State
v.
Eighth Judicial Dist. Court of Nev.

SUPREME COURT OF THE STATE OF NEVADAMar 22, 2013
No. 61021 (Nev. Mar. 22, 2013)

No. 61021

03-22-2013

THE STATE OF NEVADA, Petitioner, v. THE EIGHTH JUDICIAL DISTRICT COURT OF THE STATE OF NEVADA, IN AND FOR THE COUNTY OF CLARK; AND THE HONORABLE J. CHARLES THOMPSON, SENIOR DISTRICT JUDGE, Respondents, and EDRIS GHANI, Real Party in Interest.


An unpublished I order shall not be regarded as precedent and shall not be cited as legal authority. SCR 123.

ORDER GRANTING PETITION

This original petition for a writ of mandamus challenges a district court order granting a motion to disqualify the Clark County District Attorney's Office from prosecuting the real party in interest. The petitioner asserts that the district court abused its discretion by arbitrarily and capriciously granting the motion to disqualify because vicarious disqualification is unwarranted as there is no appearance of unfairness or impropriety and the screening in place was timely and effective. We agree and therefore grant the petition.

Thepetitioner alternatively seeks a writ of prohibition. Because he has not demonstrated that the district court lacked jurisdiction or acted in excess of its jurisdiction, see NRS 34.320, prohibition is not available.

Mandamus is an extraordinary remedy, and the decision to entertain a petition for a writ of mandamus rests within our discretion. See Poulos v. District Court, 98 Nev. 453, 455, 652 P.2d 1177, 1178 (1982); see also State ex rel. Dep't Transp. v. Thompson, 99 Nev. 358, 360, 662 P.2d 1338, 1339 (1983). We have indicated that mandamus is the appropriate vehicle for challenging attorney disqualification rulings. See generally Collier v. Legakes, 98 Nev. 307, 646 P.2d 1219 (1982). But "[t]he disqualification of a prosecutor's office rests with the sound discretion of the district court," id. at 309, 646 P.2d at 1220, and "while mandamus lies to enforce ministerial acts or duties and to require the exercise of discretion, it will not serve to control the proper exercise of that discretion or to substitute the judgment of this court for that of the lower tribunal," id. at 310, 646 P.2d at 1221. Accordingly, where the district court has exercised its discretion, a writ of mandamus is available only to control an arbitrary or capricious exercise of discretion. See Round Hill Gen. Imp. Dist. v. Newman, 97 Nev. 601, 603-04, 637 P.2d 534, 536 (1981). "An arbitrary or capricious exercise of discretion is one founded on prejudice or preference rather than on reason, or contrary to the evidence or established rules of law." State v. Dist. Ct. (Armstrong), 127 Nev. _, _, 267 P.3d 777, 780 (2011) (citations omitted).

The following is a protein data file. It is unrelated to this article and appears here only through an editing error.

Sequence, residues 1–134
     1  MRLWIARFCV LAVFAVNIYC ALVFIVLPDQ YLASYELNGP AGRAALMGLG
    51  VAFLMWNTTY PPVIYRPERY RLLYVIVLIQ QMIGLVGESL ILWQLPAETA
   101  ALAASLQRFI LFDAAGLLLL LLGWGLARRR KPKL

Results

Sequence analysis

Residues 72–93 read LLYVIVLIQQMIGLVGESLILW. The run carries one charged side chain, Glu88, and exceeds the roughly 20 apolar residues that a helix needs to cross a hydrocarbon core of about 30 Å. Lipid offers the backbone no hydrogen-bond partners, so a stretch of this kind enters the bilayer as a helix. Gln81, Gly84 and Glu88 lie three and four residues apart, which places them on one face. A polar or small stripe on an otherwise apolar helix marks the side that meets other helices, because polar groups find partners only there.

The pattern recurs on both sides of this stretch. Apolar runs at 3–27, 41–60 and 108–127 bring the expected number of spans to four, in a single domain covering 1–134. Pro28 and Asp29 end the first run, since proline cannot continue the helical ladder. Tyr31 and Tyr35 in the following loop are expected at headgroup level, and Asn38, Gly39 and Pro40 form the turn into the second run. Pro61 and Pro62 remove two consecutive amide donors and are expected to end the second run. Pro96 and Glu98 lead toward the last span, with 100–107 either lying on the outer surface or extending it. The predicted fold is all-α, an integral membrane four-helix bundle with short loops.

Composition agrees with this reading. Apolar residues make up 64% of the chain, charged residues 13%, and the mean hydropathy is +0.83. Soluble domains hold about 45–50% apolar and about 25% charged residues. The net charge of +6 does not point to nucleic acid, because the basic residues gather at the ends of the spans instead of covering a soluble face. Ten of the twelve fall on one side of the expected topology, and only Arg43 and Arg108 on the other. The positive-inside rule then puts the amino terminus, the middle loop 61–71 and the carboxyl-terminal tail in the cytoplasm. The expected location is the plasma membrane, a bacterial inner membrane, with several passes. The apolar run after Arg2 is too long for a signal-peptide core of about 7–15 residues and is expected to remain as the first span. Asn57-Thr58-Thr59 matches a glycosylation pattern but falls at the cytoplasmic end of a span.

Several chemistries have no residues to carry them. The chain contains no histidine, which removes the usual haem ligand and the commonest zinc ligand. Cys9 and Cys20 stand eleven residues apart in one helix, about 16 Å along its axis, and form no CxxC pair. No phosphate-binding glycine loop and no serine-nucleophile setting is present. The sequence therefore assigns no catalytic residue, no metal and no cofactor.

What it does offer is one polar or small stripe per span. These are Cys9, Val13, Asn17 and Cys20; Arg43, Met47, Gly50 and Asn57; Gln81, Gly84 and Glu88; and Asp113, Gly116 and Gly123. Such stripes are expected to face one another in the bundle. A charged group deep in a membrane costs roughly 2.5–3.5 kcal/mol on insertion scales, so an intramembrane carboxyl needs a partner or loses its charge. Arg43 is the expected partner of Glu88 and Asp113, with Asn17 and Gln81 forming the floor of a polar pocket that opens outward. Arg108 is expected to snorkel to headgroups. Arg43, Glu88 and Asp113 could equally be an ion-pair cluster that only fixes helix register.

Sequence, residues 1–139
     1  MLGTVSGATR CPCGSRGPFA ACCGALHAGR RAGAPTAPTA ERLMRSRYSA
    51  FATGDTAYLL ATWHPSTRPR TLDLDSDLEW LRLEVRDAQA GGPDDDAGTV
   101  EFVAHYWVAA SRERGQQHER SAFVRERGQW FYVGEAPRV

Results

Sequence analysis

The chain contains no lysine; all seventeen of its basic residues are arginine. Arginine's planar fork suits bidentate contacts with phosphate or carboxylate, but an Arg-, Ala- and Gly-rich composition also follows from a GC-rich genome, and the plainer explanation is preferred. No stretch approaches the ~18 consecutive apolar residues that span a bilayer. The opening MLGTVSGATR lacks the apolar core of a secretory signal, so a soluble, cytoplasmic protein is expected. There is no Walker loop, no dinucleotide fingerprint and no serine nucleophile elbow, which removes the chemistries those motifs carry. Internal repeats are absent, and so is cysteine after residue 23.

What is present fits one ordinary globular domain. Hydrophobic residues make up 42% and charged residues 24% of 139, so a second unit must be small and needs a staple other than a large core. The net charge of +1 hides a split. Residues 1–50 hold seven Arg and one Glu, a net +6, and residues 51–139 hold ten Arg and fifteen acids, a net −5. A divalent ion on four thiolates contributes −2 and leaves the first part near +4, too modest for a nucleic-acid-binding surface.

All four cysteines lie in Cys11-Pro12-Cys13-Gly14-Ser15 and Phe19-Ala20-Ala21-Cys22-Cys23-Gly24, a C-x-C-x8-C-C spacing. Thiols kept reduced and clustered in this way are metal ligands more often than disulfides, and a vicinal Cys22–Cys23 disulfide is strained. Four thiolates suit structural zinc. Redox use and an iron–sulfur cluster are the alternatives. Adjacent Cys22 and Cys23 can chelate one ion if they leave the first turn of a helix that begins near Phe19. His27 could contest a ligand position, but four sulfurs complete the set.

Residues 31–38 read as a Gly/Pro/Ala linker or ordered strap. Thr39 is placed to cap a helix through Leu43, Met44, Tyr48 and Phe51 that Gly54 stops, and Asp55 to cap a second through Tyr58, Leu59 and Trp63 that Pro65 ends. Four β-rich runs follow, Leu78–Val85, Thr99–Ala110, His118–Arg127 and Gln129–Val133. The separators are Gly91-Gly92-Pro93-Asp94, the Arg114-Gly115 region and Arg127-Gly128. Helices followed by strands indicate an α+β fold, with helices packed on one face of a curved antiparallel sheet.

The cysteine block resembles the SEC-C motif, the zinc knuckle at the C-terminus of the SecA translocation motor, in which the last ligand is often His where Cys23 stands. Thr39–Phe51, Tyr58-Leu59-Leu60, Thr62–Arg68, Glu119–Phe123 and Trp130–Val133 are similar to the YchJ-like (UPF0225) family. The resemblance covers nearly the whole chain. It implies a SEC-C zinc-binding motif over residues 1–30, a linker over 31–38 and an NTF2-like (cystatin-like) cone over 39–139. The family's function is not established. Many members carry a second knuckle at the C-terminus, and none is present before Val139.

Petitioner contends that the district court acted arbitrarily or capriciously when it granted Ghani's motion to disqualify the Clark County District Attorney's Office. Petitioner argues that the district court erred in determining that the conflict between Ghani and the district attorney should be imputed to the entire district attorney's office, that the conflict would create an appearance of impropriety, and that screening would not cure the appearance of impropriety.

We conclude that the district court acted arbitrarily or capriciously because the district court did not base its decision on established law. In Collier, we held that vicarious disqualification of an entire prosecutor's office based on an individual lawyer's former-client conflict is required only "in extreme cases where the appearance of unfairness or impropriety is so great that the public trust and confidence in our criminal justice system could not be maintained without such action." 98 Nev. at 310, 646 P.2d at 1221; accord State v. Pennington, 851 P.2d 494, 498 (N.M. Ct. App. 1993) (observing that "[t]he great majority of jurisdictions have refused to apply a per se rule disqualifying the entire prosecutor's staff solely on the basis that one member of the staff had been involved in the representation of the defendant in a related matter" so long as the disqualified staff member "is isolated from any participation in the prosecution"); Model Rules of Prof 1 Conduct R. 1.11 cmt. 2 ("Rule 1.10 is not applicable to the conflicts of interest addressed by this Rule . . . Because of the special problems raised by imputation within a government agency, paragraph (d) does not impute the conflicts of a lawyer currently serving as an officer or employee of the government to other associated government officers or employees, although ordinarily it will be prudent to screen such lawyers.").